Jack Kirby's 100 Coolest Comic Book Creations

21 Challengers of the Unknown

During Kirby's less well-remembered stint with DC Comics in the 1950s, he launched the adventuring teams the Challengers of the Unknown, four men who each survived a plane crash and decided that since they were now living on "borrowed time," they should seek out more adventure. This was a huge influence on the Fantastic Four.

22 Circus of Crime

Kirby didn't plumb the depths of his Golden Age work on Captain America that much, but one of the surprising places where he did was with the Circus of Crime, who appeared in an early Captain America Comics issue before being revamped for the Silver Age.

23 Darkseid

The big bad wolf, the evil center of Kirby's Fourth World Saga, Darkseid is one of the most critically acclaimed bad guys in comic book history.

24 Desaad

Darkseid's sadistic underling, Desaad, is particularly interesting because Darkseid has killed him and brought him back a number of times. Can a soul really handle that many changes.

25 Doctor Doom

One of the greatest villains of all-time, Doctor Doom has tormented the Fantastic Four many times over the years in an attempt to get the best of Reed Richards, the one man that Doom might be willing to admit is someone that he admires as an adversary.

26 Doctor Druid

Originally created before any of Marvel's major 1960s heroes, Doctor Druid was originally Doctor Droom and he actually turned Asian when he gained his powers. This was edited away when his first appearance was reprinted, with Droom now becoming Druid.

27 Doctor Faustus

A longstanding Captain America villain, Doctor Faustus was basically like if Sigmund Freud became a super villain.

28 Dragon Man

Dragon Man is another in a long line of artificial characters who ended up turning against their creators to become, if not heroes, then at least not valent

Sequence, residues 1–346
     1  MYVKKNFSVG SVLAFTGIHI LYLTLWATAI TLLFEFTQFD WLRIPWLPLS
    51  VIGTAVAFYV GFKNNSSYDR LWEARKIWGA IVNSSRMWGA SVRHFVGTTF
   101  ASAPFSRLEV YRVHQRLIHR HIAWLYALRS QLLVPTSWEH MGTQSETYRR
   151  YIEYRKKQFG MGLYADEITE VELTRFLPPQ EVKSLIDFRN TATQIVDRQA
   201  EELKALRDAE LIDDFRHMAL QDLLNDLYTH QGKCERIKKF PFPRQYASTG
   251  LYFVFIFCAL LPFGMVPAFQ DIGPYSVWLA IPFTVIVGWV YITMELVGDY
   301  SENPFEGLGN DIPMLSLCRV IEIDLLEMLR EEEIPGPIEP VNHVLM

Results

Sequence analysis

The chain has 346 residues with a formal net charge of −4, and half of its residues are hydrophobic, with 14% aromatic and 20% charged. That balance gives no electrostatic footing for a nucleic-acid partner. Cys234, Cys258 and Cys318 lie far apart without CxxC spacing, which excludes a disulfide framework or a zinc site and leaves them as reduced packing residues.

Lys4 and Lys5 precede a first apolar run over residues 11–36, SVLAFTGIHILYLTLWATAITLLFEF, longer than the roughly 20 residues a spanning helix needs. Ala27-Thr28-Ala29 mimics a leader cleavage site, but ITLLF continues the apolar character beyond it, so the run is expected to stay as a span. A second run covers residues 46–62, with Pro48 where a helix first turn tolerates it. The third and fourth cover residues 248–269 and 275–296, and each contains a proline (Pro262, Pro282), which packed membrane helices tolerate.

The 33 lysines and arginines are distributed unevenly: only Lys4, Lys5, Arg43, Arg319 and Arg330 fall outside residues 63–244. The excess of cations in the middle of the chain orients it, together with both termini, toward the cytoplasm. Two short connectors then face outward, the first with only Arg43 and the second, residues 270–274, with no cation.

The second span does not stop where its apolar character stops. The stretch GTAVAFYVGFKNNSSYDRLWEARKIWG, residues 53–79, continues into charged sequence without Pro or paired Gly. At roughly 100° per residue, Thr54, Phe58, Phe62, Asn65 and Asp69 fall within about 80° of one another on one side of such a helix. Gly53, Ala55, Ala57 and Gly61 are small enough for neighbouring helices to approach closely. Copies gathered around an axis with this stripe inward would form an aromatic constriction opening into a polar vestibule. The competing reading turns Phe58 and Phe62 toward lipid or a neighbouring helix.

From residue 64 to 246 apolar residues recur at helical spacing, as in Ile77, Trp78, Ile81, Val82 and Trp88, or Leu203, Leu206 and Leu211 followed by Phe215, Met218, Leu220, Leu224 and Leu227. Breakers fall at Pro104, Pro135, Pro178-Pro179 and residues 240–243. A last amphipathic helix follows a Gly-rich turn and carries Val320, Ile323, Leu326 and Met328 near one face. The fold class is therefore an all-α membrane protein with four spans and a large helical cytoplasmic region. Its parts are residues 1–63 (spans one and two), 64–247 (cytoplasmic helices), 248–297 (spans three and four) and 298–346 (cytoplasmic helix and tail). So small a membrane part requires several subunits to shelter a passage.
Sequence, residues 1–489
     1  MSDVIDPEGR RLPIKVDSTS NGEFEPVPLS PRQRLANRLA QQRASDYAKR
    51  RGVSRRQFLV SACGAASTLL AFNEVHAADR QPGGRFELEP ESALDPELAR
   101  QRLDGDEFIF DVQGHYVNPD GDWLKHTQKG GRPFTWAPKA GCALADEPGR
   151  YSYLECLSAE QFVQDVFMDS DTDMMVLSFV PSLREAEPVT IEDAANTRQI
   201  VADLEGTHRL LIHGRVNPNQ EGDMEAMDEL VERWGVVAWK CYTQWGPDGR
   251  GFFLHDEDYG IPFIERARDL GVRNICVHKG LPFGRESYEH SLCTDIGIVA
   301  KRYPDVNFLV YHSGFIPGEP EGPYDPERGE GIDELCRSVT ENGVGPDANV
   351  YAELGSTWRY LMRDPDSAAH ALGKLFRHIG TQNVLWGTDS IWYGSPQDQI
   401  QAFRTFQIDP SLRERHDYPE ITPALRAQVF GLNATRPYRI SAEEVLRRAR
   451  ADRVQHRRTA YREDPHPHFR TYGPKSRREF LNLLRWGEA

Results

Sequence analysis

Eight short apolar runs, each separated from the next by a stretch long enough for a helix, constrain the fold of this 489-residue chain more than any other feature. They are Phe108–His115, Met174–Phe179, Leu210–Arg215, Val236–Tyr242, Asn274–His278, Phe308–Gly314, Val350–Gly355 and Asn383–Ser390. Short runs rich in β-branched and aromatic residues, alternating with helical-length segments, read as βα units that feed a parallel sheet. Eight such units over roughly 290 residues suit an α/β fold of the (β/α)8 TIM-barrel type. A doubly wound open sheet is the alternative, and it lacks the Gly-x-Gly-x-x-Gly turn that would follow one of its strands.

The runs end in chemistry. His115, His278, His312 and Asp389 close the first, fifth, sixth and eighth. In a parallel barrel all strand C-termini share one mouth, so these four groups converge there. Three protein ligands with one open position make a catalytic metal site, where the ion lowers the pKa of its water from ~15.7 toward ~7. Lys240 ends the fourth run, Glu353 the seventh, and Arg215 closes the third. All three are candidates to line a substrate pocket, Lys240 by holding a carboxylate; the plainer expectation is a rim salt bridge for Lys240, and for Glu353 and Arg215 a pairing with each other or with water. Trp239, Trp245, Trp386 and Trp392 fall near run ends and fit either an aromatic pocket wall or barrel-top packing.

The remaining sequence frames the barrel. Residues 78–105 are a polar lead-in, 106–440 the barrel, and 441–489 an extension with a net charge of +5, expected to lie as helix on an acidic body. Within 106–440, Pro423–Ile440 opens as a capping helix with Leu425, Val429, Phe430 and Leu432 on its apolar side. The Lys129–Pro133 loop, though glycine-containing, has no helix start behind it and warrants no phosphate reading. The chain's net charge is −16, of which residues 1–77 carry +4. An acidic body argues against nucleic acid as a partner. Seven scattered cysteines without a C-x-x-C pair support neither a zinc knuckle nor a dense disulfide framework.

29 Dubbilex

Introduced as part of Cadmus in his Jimmy Olsen comic book stories, Kirby's Dubbilex is a perfect example of how you cannot judge a book by its cover, as the bizarre looking clone is one of the nicest telepathic people you would ever meet

30 Ego the Living Planet

Showing off the pure magnificant scale that Kirby and Lee were working on, Ego The Living Planet is one of the great cosmic additions to the Marvel Universe. Imagine! An actual living PLANET!

31 Enchantress and Executioner

The beautiful Enchantress and her stoic enforcer, the Executioner (who was in love with her while she just treated him like garbage), were steadfast villains of both Thor and the Avengers as part of the Masters of Evil.

32 Eternals

When he returned to Marvel Comics, Kirby tried to do a version of the New Gods with the Eternals, an evolutionary offshoot of the human race that was never meant to be part of Marvel continuity. It was only when Kirby left Marvel that later writers worked the Eternals officially into Marvel continuity.

33 Etrigan the Demon

One of the earliest creations Kirby did for DC when he returned to them in the 1970s was Etrigan the Demon, a demon from the days of King Arthur, who was trapped in his human form, Jason Blood, for hundreds of years before finally becoming free in modern times.

34 Fantastic Four

The superhero team who launched the Marvel age of comics in the 1960s, the Fantastic Four was greatly influenced by Kirby's Challengers of the Unknown, and you can't help but notice a good deal of Kirby's own personality went into the making of the Thing.

35 Female Furies

Subtlety was not something that you would ever find in a New Gods comic book, and that was certainly the case with the female furies, the Apocalyptic strike force that big Barda was once a member of.

36 Fighting American

When Atlas Comics (soon to become Marvel Comics) brought their creation Captain America back to comics in the early 1950s, Joe Simon and Jack Kirby were upset enough that they decided to launch their own version of Captain America named the Fighting American. While initially they were telling stories that were just as anti-communist as the Atlas version of Captain America, they quickly turned it into a superhero satire series

37 Fin Fang Foom

One of the interesting things with Marvel in the 1960s was when they would look back upon their successful days of doing Monster comics and bring some of the more popular monsters into the superhero stories. Perhaps the most popular one of the early monsters was Lee and Kirby's Fin Fang Foom, who then became a popular villain of Marvel superheroes for years.

38 Forbush Man

Kirby could do humor as well, especially when he helped design Marvel's amusing mascot, Forbush Man.

39 Forever People

These New Gods were Kirby's attempt at doing a positive depiction of the then popular hippie movement in the United States.

40 Galactus

With the 50th issue of their Landmark Fantastic Four series coming up, Lee and Kirby decided to go big-time with the villain for the 50th issue, deciding to introduce, in effect, a god for the Fantastic Four to fight. The god in this case was the planet eating Galactus.

Go to the next page for #41-60!

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